Temporary budget to be considered

Published 12:00 am Friday, December 19, 2003

Now that December is here, it is once again that special time of the year. Not Christmas, but time for city officials to start the budgeting process.

The Ironton Finance Committee took the first steps Thursday by recommending to the city council final changes to the 2003 budget and a temporary 2004 budget that must be adopted by Jan. 1.

The final 2004 budget must be adopted by March 1.

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"I am pleased with the first quarter's temporary budget," Mayor John Elam said. "It will (allow) the finance committee and the council as a whole to work closely with the city to develop a workable budget that will see us through 2004. My goal is for the city to operate as efficiently and effectively as possible."

City Finance Director Cindy Anderson prepared the rough draft that does not include any revenues. The draft only outlines expenditures for the first three months based on last year's operating expenses.

No salary or insurance increases were factored in but fuel and utility increases were included, Anderson said. Workers compensation was also not a factor because the payment is not due until May 1.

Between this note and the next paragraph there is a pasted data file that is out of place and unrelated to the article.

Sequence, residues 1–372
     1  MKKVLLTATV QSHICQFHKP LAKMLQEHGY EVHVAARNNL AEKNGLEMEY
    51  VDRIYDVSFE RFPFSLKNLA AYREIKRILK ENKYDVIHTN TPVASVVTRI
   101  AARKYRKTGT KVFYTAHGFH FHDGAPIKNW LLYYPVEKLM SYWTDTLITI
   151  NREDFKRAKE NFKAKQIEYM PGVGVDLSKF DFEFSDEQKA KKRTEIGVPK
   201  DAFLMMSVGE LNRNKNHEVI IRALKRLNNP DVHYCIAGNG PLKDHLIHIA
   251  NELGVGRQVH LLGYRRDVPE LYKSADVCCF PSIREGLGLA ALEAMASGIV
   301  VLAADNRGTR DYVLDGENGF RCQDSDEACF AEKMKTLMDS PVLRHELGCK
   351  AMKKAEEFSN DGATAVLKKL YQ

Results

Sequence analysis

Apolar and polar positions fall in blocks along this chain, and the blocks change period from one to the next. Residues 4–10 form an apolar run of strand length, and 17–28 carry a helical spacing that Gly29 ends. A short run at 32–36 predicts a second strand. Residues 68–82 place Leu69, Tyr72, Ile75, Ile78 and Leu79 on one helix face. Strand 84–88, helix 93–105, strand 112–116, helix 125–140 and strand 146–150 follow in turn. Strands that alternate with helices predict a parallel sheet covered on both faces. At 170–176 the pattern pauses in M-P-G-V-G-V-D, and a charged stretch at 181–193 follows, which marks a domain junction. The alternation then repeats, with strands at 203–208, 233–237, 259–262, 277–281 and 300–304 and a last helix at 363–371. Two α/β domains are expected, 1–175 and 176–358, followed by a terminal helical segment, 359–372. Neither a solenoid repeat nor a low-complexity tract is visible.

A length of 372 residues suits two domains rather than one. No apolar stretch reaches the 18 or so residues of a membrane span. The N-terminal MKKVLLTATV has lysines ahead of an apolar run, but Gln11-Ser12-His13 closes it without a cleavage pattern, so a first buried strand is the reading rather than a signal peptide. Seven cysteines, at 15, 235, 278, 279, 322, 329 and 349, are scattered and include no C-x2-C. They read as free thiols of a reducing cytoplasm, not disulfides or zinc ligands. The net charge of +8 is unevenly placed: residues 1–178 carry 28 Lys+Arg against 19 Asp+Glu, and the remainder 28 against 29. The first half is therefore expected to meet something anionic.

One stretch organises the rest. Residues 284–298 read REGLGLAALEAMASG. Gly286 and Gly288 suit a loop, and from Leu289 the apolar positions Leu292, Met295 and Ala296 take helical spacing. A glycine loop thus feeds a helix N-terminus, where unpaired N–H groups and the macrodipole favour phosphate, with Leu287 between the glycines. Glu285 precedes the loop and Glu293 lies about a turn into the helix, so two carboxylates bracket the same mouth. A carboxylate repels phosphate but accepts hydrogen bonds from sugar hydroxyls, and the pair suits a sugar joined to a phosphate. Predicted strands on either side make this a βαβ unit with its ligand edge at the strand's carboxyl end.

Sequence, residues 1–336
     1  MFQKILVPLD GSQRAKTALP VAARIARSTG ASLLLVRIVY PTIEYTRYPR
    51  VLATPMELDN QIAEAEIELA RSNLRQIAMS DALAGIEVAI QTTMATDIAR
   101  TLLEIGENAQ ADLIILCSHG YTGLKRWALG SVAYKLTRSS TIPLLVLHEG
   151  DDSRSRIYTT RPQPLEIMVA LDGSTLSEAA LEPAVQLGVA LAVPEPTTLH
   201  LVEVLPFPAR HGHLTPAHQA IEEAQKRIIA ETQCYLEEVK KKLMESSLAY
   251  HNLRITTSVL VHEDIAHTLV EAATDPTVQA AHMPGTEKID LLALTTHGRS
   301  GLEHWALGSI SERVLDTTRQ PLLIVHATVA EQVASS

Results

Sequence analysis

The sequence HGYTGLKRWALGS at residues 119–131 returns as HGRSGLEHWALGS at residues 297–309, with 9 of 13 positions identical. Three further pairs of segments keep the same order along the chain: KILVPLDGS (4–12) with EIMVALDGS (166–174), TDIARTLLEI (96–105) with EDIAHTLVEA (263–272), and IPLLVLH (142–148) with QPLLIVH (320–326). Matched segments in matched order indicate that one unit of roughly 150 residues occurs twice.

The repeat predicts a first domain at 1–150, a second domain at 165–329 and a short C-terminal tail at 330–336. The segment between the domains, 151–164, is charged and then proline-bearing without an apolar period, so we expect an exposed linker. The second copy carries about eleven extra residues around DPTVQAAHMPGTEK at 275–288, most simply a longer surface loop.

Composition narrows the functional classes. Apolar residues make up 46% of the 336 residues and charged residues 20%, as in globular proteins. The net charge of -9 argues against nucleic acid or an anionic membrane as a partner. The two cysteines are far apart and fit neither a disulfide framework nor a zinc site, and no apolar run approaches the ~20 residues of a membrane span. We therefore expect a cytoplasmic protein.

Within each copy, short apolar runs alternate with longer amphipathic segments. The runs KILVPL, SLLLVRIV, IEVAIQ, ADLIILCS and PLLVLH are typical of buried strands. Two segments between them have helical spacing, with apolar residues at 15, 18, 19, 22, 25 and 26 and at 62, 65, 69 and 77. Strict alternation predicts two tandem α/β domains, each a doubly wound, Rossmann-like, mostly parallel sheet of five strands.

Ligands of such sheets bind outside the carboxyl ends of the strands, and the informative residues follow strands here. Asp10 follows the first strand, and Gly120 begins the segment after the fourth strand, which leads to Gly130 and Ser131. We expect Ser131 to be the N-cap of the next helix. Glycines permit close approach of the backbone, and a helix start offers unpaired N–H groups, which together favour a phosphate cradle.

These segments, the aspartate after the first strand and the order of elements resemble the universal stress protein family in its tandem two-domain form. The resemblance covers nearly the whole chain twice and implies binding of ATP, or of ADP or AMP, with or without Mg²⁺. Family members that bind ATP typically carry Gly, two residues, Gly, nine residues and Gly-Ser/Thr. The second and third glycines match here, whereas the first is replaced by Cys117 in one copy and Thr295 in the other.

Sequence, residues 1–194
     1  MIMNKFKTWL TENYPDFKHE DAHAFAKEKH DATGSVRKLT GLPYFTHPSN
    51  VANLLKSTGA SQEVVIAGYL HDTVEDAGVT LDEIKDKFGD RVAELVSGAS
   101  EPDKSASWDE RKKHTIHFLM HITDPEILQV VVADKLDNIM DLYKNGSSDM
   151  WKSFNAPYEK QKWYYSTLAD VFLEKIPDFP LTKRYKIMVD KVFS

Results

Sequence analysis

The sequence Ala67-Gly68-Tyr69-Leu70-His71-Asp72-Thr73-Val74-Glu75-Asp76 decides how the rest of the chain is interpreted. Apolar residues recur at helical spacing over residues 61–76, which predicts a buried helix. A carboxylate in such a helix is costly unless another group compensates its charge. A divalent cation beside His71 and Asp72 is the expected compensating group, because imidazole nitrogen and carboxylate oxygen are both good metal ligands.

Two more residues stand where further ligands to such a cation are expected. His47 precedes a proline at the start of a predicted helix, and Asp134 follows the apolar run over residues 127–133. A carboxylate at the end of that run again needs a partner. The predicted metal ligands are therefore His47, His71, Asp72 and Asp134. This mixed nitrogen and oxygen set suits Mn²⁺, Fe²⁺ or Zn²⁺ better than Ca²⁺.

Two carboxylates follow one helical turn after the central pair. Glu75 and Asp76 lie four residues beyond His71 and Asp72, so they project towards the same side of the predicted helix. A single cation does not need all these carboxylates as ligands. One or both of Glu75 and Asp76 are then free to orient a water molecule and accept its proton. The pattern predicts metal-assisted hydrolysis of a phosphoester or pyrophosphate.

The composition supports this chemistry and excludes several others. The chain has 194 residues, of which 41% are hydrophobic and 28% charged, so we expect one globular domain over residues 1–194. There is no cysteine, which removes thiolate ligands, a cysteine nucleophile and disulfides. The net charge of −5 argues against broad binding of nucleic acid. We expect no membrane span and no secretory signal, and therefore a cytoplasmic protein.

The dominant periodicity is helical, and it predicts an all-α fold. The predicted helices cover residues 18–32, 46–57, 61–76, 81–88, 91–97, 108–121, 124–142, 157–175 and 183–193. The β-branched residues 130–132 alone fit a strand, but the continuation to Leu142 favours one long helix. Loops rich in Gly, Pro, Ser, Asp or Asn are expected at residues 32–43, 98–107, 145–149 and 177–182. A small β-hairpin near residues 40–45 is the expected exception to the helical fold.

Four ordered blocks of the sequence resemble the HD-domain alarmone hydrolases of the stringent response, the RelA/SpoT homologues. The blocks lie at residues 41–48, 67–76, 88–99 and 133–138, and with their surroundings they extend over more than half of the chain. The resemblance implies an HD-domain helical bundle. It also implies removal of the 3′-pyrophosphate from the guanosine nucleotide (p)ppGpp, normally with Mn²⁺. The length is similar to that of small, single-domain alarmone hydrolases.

Developing a temporary budget is not as simple as just taking one-fourth of the total budget because the city has several expenses that occur only during the first quarter of each year because of maintenance contracts on various pieces of equipment, Anderson said.

Committee member Richard Price included in the recommendation of the budget a stipulation stating that it will not be recommended if the health department does not submit its budget certifications for 2004.

There was much debate earlier this year because the health department was over budget and required additional transfers to finish the year.

Committee Chairman Brent Pyles agreed that it would be interesting to see what changes are proposed within the health department so that a similar problem is avoided.

"As we get into the discussions of the permanent budget, this will become even more important to understand," Pyles said.

The committee also recommended changes to the 2003 budget.

The minor changes are expected to be the last of the year and are just part of the normal year-end bookkeeping, Anderson said.

The finance director projected that the carryover balance will be a minimum of $670,000, and will most likely be $70,000 to $100,000 more.

Originally, the 2003 projected carryover was approximately $500,000 but a higher than anticipated estate tax and overestimation in budgeting are responsible for the increase, she said.